Criticism mounts of “anti-Muslim frenzy” in U.S., Koran burning plan under fire
U.S. religious leaders have condemned an “anti-Muslim frenzy” in the United States, including plans by a Florida church to burn a Koran on September 11, an act a top general said could endanger American troops abroad. Christian, Muslim and Jewish religious leaders denounced the “misinformation and outright bigotry” against U.S. Muslims resulting from plans to build a Muslim community center and mosque not far from the site of the September 11, 2001, hijacked plane attacks in New York by Islamist militants. The Vatican has also condemned the Koran burning plan.
(Photo: Indonesian Care for Pluralism Movement protests against Koran burning plan, Jakarta, 8 Sept 2010/Crack Palinggi)
Tensions have risen with the approach of both the September 11 anniversary on Saturday and the Muslim Eid al-Fitr festival that marks the close of the fasting month of Ramadan, which is expected to end around Friday. Passions have been further inflamed by Terry Jones, the pastor of a 30-person church in Gainesville, Florida, who has announced plans to burn a Koran on Saturday, the ninth anniversary of the September 11 attacks. Jones says he wants to “expose Islam (as a) violent and oppressive religion.”
Religious leaders, including Washington Roman Catholic Archbishop emeritus Cardinal Theodore McCarrick and Dr. Michael Kinnamon of the National Council of Churches, released a statement on Tuesday saying they were “alarmed by the anti-Muslim frenzy” and “appalled by such disrespect for a sacred text.” Read the full story here.
General David Petraeus, the head of U.S. and NATO forces in Afghanistan, said in a statement the Koran burning could “endanger troops and it could endanger the overall effort” to stabilize the Afghan situation. “It is precisely the kind of action the Taliban uses and could cause significant problems, not just here, but everywhere in the world we are engaged with the Islamic community.” Read the full story here.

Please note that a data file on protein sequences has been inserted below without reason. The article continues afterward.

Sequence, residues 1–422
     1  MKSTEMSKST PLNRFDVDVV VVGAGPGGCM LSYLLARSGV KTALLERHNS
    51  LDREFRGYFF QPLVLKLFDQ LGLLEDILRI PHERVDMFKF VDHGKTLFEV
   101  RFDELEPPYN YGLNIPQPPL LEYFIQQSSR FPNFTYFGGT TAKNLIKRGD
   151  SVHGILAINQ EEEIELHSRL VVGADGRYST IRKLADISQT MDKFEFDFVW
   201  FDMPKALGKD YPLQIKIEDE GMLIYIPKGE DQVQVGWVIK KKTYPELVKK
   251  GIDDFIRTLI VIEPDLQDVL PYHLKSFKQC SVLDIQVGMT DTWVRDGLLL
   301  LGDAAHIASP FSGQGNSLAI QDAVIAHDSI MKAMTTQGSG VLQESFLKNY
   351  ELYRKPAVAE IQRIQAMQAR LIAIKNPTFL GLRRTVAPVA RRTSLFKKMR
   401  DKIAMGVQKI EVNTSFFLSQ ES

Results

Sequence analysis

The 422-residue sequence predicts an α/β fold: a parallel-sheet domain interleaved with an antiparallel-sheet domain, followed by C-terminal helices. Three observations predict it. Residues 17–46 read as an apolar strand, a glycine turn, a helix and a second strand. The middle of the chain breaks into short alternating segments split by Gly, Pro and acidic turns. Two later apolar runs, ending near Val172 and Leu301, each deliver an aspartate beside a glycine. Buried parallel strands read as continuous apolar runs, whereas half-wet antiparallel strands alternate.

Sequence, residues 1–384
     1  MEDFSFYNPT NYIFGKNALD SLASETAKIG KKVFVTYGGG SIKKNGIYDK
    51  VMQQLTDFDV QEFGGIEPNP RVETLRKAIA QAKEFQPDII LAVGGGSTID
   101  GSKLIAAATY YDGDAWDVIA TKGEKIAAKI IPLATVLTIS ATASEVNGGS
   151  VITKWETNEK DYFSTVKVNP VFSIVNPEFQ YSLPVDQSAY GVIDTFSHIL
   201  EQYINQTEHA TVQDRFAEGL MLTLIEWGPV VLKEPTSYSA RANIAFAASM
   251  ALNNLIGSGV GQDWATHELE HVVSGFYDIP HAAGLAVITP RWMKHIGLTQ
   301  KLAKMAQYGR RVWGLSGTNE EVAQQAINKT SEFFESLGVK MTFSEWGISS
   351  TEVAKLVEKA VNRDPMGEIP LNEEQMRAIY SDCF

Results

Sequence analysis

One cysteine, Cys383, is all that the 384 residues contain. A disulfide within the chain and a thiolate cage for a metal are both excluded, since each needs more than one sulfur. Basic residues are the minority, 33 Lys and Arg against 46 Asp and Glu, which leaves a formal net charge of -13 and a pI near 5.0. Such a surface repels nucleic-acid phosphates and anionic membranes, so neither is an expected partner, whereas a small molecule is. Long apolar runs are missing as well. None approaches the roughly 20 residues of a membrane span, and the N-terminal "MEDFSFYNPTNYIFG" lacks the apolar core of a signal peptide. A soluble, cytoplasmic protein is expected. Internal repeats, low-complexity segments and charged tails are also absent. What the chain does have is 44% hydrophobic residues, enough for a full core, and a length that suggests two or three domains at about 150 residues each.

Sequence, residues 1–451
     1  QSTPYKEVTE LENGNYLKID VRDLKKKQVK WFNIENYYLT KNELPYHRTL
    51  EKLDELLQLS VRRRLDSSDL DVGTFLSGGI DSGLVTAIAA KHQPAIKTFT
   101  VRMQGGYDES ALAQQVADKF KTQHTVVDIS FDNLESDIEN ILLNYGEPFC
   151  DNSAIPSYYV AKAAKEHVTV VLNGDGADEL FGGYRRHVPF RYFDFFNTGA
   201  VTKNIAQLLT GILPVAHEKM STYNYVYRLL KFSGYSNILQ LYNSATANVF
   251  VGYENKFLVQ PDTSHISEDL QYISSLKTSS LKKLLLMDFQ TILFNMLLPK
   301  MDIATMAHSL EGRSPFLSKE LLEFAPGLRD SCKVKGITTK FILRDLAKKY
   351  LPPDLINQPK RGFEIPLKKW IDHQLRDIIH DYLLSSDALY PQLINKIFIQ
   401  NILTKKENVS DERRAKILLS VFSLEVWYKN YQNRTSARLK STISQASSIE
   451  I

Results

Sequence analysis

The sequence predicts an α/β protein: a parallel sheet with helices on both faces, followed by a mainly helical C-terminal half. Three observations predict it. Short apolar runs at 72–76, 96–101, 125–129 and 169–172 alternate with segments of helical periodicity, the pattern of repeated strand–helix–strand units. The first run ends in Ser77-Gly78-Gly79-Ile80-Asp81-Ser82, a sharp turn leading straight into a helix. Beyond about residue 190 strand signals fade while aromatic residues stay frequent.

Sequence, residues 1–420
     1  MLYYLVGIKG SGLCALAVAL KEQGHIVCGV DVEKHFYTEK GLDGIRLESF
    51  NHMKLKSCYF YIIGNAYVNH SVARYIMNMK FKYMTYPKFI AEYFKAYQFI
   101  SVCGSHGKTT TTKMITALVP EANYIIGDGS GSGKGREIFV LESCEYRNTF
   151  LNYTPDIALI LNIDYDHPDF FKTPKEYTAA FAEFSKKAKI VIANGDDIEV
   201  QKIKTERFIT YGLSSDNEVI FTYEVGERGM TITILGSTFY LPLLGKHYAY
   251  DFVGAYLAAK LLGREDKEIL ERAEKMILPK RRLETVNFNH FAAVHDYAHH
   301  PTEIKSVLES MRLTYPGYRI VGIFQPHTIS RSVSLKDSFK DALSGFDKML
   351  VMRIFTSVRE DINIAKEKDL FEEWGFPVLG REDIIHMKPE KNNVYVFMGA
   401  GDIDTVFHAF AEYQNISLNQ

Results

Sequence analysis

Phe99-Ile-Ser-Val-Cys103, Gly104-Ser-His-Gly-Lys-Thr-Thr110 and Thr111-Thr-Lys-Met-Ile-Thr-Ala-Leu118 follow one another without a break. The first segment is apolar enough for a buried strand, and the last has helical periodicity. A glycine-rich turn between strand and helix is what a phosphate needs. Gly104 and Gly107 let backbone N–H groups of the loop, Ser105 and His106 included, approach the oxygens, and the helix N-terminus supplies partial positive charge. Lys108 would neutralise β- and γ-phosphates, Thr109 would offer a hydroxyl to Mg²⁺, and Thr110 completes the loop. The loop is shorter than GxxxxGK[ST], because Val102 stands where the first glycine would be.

U.S. State Department spokesman P.J. Crowley called the plan “un-American.”
“We are conscious that a number of voices have come out and rejected what this pastor and this community have proposed,” Crowley told a news briefing on Tuesday. “We would like to see more Americans stand up and say ‘this is inconsistent with our American values.’ In fact these actions themselves are un-American.”
(Photo: Afghans protest against Koran burning, Kabul, 6 Sept 2010 /Mohammad Ishaq)
NATO Secretary-General Anders Fogh Rasmussen has also condemned the proposed Koran-burning, calling it disrespectful and saying it could put Western troops in Afghanistan at risk.
The Vatican weighed in on Wednesday, saying that the “deplorable acts of violence” committed on 9/11 “cannot be counteracted by an outrageous and grave gesture against a book considered sacred by a religious community. Each religion, with its respective sacred books, places of worship and symbols, has the right to respect and protection.”
Meanwhile, families of September 11 victims are arguing whether to call a truce on the anniversary of the 2001 attacks on the United States as debate rages over plans for a Muslim center near the World Trade Center site. Read the full story here.